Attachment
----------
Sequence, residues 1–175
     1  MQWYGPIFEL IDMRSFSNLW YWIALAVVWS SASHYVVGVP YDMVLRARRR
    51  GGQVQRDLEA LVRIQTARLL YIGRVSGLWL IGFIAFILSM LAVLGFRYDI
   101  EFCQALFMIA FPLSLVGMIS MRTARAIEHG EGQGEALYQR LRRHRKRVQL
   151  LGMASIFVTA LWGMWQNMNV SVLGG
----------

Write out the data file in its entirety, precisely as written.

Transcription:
Sequence, residues 1–175
     1  MQWYGPIFEL IDMRSFSNLW YWIALAVVWS SASHYVVGVP YDMVLRARRR
    51  GGQVQRDLEA LVRIQTARLL YIGRVSGLWL IGFIAFILSM LAVLGFRYDI
   101  EFCQALFMIA FPLSLVGMIS MRTARAIEHG EGQGEALYQR LRRHRKRVQL
   151  LGMASIFVTA LWGMWQNMNV SVLGG